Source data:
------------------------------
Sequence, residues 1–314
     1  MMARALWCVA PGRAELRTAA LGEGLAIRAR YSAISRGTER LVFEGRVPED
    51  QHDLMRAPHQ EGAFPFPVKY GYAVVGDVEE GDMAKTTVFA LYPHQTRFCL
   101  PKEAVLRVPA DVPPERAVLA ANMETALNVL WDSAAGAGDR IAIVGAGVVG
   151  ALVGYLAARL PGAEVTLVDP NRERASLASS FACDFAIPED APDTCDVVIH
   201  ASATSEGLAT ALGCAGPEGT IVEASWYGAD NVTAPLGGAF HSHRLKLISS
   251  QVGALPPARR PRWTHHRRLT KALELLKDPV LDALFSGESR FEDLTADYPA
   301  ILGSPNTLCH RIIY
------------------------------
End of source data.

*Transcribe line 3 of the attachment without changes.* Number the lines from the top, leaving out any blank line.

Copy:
    51  QHDLMRAPHQ EGAFPFPVKY GYAVVGDVEE GDMAKTTVFA LYPHQTRFCL